Sources: MLB tells Cubs, Padres that Anthony Rizzo collision violated rule
Padres manager Andy Green was correct to question the legality of Anthony Rizzo’s collision with catcher Austin Hedges in Monday night’s game between the Padres and Cubs.
Major League Baseball, according to sources, informed both clubs Tuesday that Rizzo was in violation of Rule 7.13, which the sport introduced in 2014 to protect catchers from such collisions.
The violation carried no practical consequence; plate umpire Jeff Nelson ruled that Rizzo was out to end the sixth inning of the Cubs’ eventual 3-2 victory. The outcome would have been the same if Nelson had invoked the rule, which is why the play was not subject to replay.
Rizzo told Cubs writers on Tuesday that he had spoken with Joe Torre, MLB’s chief baseball officer. Torre informed Rizzo that he had violated the rule but would not be disciplined, Rizzo said. No player has been suspended for violating Rule 7.13.
Hedges left the game in the middle of the seventh inning with what the Padres called a bruised right thigh, and Green expressed his frustration with Rizzo’s play in pointed comments to reporters afterward.
Green declined further comment to FOX Sports on Tuesday, standing by his remarks of the previous night.
“It’s a fairly egregious violation of the rule,” Green said. “The rule exists to protect that catcher. The safety of the catcher is more in jeopardy now when you have the rule to protect you, because you are not expecting to get hit.
“You’ve got to think like that. I think it’s a cheap shot. I’m not saying (Rizzo is) a dirty player at all. No one is saying that. He clearly deviated from his path to hit our catcher and took our catcher out. The rule exists to protect him. It’s a disheartening play.”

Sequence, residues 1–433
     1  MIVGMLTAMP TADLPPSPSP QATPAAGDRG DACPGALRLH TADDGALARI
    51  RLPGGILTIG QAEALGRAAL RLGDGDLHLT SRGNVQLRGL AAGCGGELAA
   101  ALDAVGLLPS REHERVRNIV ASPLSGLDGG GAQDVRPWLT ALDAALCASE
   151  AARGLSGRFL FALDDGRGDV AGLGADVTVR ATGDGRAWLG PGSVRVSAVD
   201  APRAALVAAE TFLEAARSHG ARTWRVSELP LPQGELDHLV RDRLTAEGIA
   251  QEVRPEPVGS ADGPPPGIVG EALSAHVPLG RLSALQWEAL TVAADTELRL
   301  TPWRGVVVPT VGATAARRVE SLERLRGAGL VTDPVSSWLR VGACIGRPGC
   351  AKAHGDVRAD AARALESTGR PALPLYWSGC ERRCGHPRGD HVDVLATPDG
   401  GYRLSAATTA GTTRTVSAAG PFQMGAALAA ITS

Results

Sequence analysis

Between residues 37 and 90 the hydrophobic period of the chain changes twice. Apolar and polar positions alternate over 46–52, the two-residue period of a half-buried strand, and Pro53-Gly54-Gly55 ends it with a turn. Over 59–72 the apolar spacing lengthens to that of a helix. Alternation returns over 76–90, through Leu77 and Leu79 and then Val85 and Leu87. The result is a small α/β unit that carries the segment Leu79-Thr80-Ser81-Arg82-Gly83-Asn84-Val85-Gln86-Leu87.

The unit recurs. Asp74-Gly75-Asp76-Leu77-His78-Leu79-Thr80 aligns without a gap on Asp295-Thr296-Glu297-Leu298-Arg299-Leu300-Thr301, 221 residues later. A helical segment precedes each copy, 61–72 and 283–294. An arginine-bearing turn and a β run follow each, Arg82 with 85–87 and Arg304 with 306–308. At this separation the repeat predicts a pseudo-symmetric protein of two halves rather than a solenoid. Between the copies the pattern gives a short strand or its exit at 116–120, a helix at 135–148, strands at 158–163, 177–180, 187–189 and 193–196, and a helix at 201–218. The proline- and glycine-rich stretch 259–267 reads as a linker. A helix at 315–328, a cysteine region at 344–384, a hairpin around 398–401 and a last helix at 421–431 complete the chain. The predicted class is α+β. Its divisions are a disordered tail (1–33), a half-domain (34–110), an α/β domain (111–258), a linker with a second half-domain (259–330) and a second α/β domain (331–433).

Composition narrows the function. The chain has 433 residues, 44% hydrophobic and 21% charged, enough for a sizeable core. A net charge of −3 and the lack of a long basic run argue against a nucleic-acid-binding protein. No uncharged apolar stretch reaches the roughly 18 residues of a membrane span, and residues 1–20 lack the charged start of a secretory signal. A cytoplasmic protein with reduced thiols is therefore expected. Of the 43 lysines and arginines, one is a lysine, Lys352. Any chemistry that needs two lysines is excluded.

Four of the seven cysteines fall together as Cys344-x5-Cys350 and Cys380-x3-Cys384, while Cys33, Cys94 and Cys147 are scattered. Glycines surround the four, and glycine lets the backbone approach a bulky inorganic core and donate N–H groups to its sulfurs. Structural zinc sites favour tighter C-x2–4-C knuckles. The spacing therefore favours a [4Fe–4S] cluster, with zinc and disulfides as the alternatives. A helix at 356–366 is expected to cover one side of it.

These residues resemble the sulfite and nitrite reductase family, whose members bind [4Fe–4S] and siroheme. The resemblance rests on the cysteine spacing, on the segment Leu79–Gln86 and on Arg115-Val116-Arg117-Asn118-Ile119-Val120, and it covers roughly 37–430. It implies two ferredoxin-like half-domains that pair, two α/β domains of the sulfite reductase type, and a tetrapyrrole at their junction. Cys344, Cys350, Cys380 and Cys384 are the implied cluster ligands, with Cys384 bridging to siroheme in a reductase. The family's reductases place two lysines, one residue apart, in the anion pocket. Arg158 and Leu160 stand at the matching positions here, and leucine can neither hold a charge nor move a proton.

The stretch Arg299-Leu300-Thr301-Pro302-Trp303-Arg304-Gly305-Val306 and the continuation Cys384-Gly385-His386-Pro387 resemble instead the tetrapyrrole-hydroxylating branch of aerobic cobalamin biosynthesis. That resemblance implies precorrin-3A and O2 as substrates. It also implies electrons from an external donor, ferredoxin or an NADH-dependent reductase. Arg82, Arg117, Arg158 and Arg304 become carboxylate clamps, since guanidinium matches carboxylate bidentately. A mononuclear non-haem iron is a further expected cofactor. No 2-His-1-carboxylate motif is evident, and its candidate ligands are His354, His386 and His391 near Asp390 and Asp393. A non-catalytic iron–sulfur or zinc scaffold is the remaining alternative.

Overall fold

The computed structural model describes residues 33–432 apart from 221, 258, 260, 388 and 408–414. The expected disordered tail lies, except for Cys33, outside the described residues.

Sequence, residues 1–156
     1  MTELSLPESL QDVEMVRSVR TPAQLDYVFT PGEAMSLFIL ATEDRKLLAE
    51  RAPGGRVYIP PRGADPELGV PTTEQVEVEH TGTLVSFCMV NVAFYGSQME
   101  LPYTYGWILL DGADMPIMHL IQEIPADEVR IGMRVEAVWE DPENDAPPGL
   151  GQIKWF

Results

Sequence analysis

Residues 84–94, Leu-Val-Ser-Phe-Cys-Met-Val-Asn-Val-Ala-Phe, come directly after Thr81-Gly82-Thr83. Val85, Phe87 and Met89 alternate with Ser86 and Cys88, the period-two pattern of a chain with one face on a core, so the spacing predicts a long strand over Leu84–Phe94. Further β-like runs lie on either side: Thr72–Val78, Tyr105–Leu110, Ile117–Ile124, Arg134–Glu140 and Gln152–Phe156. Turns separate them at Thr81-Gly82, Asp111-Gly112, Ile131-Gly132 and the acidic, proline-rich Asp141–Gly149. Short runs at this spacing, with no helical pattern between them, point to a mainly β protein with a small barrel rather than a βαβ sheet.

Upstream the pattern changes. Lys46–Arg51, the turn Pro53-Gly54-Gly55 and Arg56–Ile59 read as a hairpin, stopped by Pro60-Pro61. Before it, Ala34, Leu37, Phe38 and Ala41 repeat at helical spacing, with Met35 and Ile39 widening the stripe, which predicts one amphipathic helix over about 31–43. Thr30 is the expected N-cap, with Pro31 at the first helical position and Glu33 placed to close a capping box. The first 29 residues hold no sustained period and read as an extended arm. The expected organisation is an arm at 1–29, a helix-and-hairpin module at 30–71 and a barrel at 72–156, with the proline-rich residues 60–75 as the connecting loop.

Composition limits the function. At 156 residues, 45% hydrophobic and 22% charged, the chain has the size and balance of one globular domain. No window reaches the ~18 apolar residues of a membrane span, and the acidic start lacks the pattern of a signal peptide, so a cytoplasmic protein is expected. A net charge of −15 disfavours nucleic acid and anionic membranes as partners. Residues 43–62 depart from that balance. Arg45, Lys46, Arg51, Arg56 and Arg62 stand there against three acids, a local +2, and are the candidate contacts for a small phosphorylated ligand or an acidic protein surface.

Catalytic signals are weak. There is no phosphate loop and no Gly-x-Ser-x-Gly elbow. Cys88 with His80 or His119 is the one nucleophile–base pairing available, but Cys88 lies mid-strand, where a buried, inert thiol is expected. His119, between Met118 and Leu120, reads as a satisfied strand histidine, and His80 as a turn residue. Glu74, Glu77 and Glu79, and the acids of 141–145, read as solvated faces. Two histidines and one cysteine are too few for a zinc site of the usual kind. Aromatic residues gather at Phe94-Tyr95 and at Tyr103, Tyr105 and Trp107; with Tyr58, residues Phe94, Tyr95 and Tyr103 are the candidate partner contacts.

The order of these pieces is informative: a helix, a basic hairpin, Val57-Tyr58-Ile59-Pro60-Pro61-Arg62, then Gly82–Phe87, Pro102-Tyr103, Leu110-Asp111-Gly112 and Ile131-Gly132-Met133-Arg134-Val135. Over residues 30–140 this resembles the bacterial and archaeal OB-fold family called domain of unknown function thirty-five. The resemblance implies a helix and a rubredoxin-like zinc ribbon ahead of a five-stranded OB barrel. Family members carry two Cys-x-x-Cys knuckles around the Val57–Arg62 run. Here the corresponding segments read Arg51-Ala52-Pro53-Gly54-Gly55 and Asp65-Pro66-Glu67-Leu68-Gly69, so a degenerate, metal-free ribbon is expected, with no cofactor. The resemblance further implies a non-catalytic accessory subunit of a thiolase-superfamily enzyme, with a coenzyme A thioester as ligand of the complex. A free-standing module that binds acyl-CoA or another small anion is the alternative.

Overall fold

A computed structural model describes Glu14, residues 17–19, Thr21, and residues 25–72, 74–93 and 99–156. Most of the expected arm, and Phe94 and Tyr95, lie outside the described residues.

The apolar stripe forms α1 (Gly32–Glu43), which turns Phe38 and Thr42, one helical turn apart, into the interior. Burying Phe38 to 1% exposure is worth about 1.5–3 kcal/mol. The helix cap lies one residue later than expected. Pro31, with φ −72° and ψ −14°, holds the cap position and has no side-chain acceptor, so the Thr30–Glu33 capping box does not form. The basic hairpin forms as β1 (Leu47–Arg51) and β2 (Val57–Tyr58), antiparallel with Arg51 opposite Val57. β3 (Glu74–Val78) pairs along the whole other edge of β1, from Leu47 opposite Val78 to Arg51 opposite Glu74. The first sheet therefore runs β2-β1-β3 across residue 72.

Rule 7.13 states that, “a runner attempting to score may not deviate from his direct pathway to the plate in order to initiate contact with the catcher (or other player covering home plate)…”
An additional comment within the rule adds that, “a slide shall be deemed appropriate, in the case of a feet-first slide, if the runner’s buttocks and legs hit the ground before contact with the catcher.”
Rizzo, 6-foot-3 and 240 pounds, appeared to make contact with Hedges before his buttocks and legs hit the ground.
“If you give them the plate, they’re supposed to slide,” Hedges said.
The Cubs, however, contended that Rizzo did nothing wrong.
“I loved it, absolutely loved it,” Cubs manager Joe Maddon said. “That’s part of the game. If the catcher is in the way, you hit him.”
Rizzo said, “I’ve talked to a lot of umpires about the rule. My understanding is (if the catcher) has the ball, it’s game on.”
Green had a different view, suggesting that Rizzo merited a harsher penalty than simply being called out.
“For me, the whole point of the rule is to protect my catcher, not to necessarily get a call right on safe or out,” Green said. “When Austin Hedges’ health is put in jeopardy because someone took a shot at him when he’s not expecting it at all, that’s a problem.
“That’s something where baseball needs to consider how you handle situations like this after it occurs. Because if there’s some sort of penalty now, then people think twice about it. If something happens with Anthony Rizzo’s next number of games, then they think twice about taking that shot. That’s up to the Commissioner’s Office to make that type of determination. That’s not up to me.”